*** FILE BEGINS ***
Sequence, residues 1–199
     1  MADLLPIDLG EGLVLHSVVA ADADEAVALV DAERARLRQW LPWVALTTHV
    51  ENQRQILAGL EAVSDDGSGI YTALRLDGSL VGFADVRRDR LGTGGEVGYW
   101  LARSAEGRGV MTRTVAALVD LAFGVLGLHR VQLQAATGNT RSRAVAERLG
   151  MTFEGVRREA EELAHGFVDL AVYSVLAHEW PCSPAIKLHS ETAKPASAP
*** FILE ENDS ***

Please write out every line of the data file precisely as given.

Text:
Sequence, residues 1–199
     1  MADLLPIDLG EGLVLHSVVA ADADEAVALV DAERARLRQW LPWVALTTHV
    51  ENQRQILAGL EAVSDDGSGI YTALRLDGSL VGFADVRRDR LGTGGEVGYW
   101  LARSAEGRGV MTRTVAALVD LAFGVLGLHR VQLQAATGNT RSRAVAERLG
   151  MTFEGVRREA EELAHGFVDL AVYSVLAHEW PCSPAIKLHS ETAKPASAP